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    Somewhere, someone is envisioning the glorious return of Elie riding back into the Bay Area sunset following a one-year stint as a player (1991-92) and a two-year stint as an assistant coach (2004-06) with the Warriors.

    A productive NBA career (just under nine points a game for his career, three NBA championships) and, most recently, a two-year stint under no-nonsense coach Paul Westphal in Sacramento, Elie nears the top of the list of assistant coaches ready to grab the reins this summer.

    Elie's five-year journey to the NBA as a player (which included stops in Portugal, Argentina and Ireland, among other places) showcases the tremendous passion that he has for the game of basketball.

    And the Warriors seem open to the idea of trying out an assistant with no head coaching experience if they feel that he could be the long-term answer on their sideline.

    Still, with a home in Houston and two NBA championships won there, the Rockets seem like a more logical fit for the up-and-comer.

8. Tim Grgurich

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    The individual workout whiz currently on George Karl's staff in Denver, Grgurich could be the guy in Oakland for his incredible ability to develop talent.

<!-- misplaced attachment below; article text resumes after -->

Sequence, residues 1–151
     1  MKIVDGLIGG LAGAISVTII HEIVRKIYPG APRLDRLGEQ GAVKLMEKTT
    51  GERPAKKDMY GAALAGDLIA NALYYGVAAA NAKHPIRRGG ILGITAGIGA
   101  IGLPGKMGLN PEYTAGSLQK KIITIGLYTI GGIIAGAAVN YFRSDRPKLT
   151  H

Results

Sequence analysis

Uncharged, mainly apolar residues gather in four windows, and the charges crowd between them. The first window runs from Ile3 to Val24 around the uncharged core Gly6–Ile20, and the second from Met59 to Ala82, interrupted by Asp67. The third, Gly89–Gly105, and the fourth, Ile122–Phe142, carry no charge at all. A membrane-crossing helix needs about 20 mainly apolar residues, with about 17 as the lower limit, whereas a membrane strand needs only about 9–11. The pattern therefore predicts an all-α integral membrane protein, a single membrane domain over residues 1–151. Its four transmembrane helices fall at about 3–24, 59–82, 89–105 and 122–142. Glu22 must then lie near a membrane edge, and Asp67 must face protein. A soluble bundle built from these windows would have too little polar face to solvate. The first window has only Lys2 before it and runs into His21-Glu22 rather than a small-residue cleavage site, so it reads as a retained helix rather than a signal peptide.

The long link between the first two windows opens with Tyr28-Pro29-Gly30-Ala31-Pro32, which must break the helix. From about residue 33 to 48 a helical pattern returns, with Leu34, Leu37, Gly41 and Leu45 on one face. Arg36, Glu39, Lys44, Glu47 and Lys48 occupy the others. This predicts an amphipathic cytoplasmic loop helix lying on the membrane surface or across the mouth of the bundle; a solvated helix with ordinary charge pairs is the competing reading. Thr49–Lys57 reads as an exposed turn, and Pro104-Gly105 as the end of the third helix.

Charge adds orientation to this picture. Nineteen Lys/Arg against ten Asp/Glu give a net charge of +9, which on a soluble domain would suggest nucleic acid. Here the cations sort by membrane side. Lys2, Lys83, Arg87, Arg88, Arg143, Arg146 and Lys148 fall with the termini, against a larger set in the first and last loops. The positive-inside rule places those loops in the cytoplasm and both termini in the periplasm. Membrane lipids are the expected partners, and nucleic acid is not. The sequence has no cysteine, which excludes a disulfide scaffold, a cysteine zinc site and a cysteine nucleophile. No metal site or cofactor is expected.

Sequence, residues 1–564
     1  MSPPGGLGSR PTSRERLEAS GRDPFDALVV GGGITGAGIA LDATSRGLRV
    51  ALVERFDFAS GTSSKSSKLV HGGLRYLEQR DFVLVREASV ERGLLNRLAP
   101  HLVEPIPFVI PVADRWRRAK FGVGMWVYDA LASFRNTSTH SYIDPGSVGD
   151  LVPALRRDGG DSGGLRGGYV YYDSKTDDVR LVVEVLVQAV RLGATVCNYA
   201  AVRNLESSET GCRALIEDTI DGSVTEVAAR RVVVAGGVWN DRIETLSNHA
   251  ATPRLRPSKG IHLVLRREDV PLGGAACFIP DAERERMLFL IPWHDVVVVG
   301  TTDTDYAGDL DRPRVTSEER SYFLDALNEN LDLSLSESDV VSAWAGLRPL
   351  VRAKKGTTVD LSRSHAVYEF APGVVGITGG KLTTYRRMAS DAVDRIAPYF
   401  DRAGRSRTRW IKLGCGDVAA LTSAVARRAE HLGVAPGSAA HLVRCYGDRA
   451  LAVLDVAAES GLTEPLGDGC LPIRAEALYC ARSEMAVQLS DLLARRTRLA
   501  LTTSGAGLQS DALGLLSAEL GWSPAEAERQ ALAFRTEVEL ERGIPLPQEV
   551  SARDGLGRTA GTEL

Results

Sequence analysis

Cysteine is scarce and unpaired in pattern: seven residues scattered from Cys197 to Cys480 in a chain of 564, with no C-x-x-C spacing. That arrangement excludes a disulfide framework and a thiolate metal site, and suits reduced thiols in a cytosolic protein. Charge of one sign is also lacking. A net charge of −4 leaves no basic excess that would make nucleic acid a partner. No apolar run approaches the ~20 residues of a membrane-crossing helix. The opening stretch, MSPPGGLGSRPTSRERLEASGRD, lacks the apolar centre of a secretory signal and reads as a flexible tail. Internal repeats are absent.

His coaching experience dates back over 30 years and has included time spent under coaching icons Karl and Jerry Tarkanian.

    But it's his summer camps that have really honed his reputation across the NBA as he's credited in aiding the development of yesterday's stars like Chris Mullin, Tim Hardaway, Gary Payton and Shawn Kemp.

    More recently, he's helped Nene emerge as one of the NBA's premiere big men and Kenyon Martin bounce back to being a productive starter.

    His player development skills could work wonders with the Warriors talented, but for the most part inexperienced, roster.

    Still, his longtime career as assistant makes you wonder how he'd perform if given the chance to be the head coach.

7. Mike Fratello

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    MIAMI - DECEMBER 16:  Head coach Mike Fratello of the Memphis Grizzlies calls out plays to his team in the first half against the Miami Heat at American Airlines Arena on December 16, 2006 in Miami, Florida. The Heat defeated the Grizzlies 98-90. NOTE TO
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    The head coach of the Ukrainian national team, Fratello has enjoyed his share of success in the NBA.

    Between stops in Atlanta, Memphis and Cleveland, Fratello amassed a coaching record of 667-552 with 11 postseason trips in 16 seasons at the helm.

    With time as an assistant under basketball icons Rollie Massimino and Hubie Brown, Fratello has enjoyed success wherever he's been.

    "The Czar," as Marv Albert dubbed him, shows a great knowledge of the game with his work as a color commentator.